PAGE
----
[email protected] wrote:
>I'm a 21 year old
>male from Michigan and would like to have more energy and keep my body
>in good shape. The food I generally eat
>Daily: A bowl of cereal such as frosted cheerios, raisin bran, frosted
>flakes, or honey bunches of oats with skim milk.
>A YOPLAIT! yogurt either an original or thick and creamy.
>A carrot/celery stick, some grapes or a banana, an apple or an orange.
>A couple graham crackers with peanut butter/ or a wheat toast.
If you feel you have too little energy eating that way, it could be because
you're eating too many carbs and your blood sugar is spiking, then diving.
Cereal, sugary yogurt, fruit, Graham crackers, wheat toast and sweet vegetables
such as carrots might be driving your insulin production system crazy. After
two weeks eliminating all refined carbs including starches, sugars and fruits,
you can begin to reincorporate high fiber grains, fruits and even occasional
sugar into a low-carb base. Atkins gets around to this by the Ongoing Weight
Loss phase, while South Beach starts reintroducing carbs by Phase 2. Try South
Beach or Atkins as alternatives.
>Throughout the week I usually have:
>About 3 meals of eggs, maybe once a week with bacon.
That sounds good.
>usually about 1 or 2 meals of a meat like chicken or meatballs, often
Those meals probably contain many more additives and preservatives than you
think; they're also probably higher in sodium than what you could easily
prepare at home.
>the rest of the food tends to be candy or frozen dinners like hot
Sounds like you've got too much processed food going on there.
>Nearly the only thing I drink is bottled water, maybe once in a while a
>glass of orange juice from a random grocery store.
Pasturized juice with added sugar, the kind you get at random grocery stores.
It's honestly no wonder you're feeling sluggish. In a nutshell, you're probably
eating more carbs than your body can metabolize. Have you had your fasting
glucose levels taken? If you're hungry every couple of hours, it's very likely
that your high-carb diet is doing you in.
>Keep in mind that I have pretty much no knowledge of cooking anything,
>the only thing I've ever cooked were eggs and canned soup. So the more
>simple the preparations the better.
Buy some cookbooks or borrow some from libraries. There are more recipes online
than you could ever catalogue, let alone prepare. Basically, cooking can be
reduced to a few variables: main ingredient, seasonings, liquid, oil, vessel
and heat. Depending on the main ingredient, it might be better to braze or
saute it, bake or broil, poach or fry. The nature of the main ingredient and
the desired outcome determine how it is to be cooked. You don't fry roasts or
brisket because their flesh takes long, slow brazing to tenderize. Chicken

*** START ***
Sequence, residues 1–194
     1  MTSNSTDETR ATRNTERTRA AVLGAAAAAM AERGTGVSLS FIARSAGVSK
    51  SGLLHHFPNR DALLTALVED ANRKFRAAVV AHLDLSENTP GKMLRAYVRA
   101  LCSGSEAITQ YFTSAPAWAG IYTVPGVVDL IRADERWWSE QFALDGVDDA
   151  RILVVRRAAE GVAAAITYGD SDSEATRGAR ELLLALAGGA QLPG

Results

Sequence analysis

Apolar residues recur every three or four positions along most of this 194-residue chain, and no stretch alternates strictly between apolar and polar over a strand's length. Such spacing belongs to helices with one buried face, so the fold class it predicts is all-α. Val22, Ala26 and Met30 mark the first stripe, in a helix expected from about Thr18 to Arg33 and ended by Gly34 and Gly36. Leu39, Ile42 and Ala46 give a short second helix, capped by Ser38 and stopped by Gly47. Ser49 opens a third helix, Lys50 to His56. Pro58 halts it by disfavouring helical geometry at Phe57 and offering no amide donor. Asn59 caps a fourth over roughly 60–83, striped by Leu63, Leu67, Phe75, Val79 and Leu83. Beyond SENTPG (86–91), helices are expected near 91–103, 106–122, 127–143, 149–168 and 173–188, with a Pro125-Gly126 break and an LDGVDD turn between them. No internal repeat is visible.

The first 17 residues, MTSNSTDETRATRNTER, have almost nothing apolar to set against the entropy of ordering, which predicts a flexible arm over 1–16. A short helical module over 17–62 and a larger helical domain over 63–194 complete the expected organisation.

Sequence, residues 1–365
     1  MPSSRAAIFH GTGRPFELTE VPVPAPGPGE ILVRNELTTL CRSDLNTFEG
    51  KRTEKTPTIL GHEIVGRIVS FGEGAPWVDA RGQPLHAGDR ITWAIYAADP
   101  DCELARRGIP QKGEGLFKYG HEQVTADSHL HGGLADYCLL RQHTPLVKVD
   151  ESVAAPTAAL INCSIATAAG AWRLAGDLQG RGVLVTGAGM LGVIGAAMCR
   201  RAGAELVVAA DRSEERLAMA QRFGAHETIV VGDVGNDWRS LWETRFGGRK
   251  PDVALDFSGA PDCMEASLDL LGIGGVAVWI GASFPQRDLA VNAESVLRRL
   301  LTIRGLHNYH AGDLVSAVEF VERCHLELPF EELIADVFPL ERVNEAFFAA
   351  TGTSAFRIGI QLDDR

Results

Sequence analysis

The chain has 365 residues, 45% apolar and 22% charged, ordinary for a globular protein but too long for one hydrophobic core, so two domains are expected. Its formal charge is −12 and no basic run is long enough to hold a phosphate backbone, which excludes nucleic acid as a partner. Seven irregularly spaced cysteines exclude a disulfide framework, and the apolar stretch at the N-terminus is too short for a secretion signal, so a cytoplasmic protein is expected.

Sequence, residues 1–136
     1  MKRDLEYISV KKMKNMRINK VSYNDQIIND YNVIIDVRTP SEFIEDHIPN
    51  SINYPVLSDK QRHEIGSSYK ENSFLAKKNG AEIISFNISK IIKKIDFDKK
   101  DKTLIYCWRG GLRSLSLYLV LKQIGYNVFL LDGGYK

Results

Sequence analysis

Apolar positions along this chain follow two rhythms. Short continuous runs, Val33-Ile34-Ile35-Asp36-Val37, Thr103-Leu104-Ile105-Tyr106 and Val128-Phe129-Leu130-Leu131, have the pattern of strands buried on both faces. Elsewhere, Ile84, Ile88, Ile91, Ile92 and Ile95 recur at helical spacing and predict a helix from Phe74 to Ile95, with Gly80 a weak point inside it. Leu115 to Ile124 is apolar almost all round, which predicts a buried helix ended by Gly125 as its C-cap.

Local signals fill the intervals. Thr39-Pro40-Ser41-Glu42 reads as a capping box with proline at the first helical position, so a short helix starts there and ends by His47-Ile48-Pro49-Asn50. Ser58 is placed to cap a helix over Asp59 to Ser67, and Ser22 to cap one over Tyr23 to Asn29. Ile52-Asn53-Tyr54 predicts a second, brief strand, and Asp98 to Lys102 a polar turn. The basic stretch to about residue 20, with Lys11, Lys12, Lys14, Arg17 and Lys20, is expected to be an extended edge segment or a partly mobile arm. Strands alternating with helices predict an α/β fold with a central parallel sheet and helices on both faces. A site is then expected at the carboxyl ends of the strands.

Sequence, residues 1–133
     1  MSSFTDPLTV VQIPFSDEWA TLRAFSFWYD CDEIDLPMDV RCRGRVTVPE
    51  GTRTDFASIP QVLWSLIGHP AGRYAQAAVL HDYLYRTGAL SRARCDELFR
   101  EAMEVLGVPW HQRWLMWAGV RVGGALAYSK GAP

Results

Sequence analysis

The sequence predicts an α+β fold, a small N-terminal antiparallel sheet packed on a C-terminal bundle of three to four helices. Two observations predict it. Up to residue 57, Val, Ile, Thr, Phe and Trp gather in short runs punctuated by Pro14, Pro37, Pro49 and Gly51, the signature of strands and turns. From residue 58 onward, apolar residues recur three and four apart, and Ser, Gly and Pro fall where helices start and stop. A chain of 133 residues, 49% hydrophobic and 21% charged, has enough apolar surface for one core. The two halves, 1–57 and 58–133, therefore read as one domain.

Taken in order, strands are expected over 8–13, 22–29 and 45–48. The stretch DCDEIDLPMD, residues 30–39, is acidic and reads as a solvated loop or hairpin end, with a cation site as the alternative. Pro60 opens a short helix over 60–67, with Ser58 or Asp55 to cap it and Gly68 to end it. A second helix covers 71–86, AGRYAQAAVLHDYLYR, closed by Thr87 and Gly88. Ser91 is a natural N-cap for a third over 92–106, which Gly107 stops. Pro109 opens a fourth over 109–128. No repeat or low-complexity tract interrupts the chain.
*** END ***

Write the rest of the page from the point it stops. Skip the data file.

breasts are best cooked for as short a time as possible over as low a heat as
possible. Beans can be boiled and transferred to a crockpot to stew for six to
eight hours. Most any vegetable can be deliciously roasted at 450 degrees for
about half an hour, brushed with olive oil, salt and pepper. In baking, exact
measurements and resting times can make cakes poof or serve as door stoppers.
Any vegetable that you can chew raw can be put into a salad. Anything can be
simmered with water and aromatic herbs to make soup. Most grains plump up in
boiling water. Fish never takes long to cook, regardless of method. If you like
melted cheese, cover any casserole with it and bake it uncovered for its last
twenty minutes. Blend all marinade ingredients together before applying them to
meat, fish or poultry, so that you don't have seasonings unevenly distributed.
Melted sugar or artificial sweeteners can burn you, so watch out when they
begin to boil. Rinse out your cutting boards when they've been used for meat.
Don't leave any food sitting at room temperature for long. These are the
>As long as I'm eating healthy I don't really care what the food tastes
>like because I feel being healthy is more important than enjoying what
>I am eating.
That's part of why you're asking these questions in the first place. You eat
junk foods with allegedly healthy labels. Most of your diet consists of
processed foods with so few inherent nutrients that they have to be vitamin
enriched. If it ain't got enough vitamins in its natural state, leave it for
pigs. Eat foods whose main ingredients are the fodos themselves. If you want
chicke, eat chicken rather than some dish where chicken is tenth in a long
artificial ingredients list. Want cereal? Make your own granola or steel cut
oats in a rice cooker. Get into bread making or find a real bakery. Otherwise,
ditch supermarket bread because of its lack of nutrients. Eat brown rice
instead of white, whole wheat pasta instead of white. Save potatoes for special
occasions. Squeeze your own orange juice. Best of all, take any vegetables and
fruits on hand, add two cups of water and blend for a tasty, nutritious
breakfast every morning.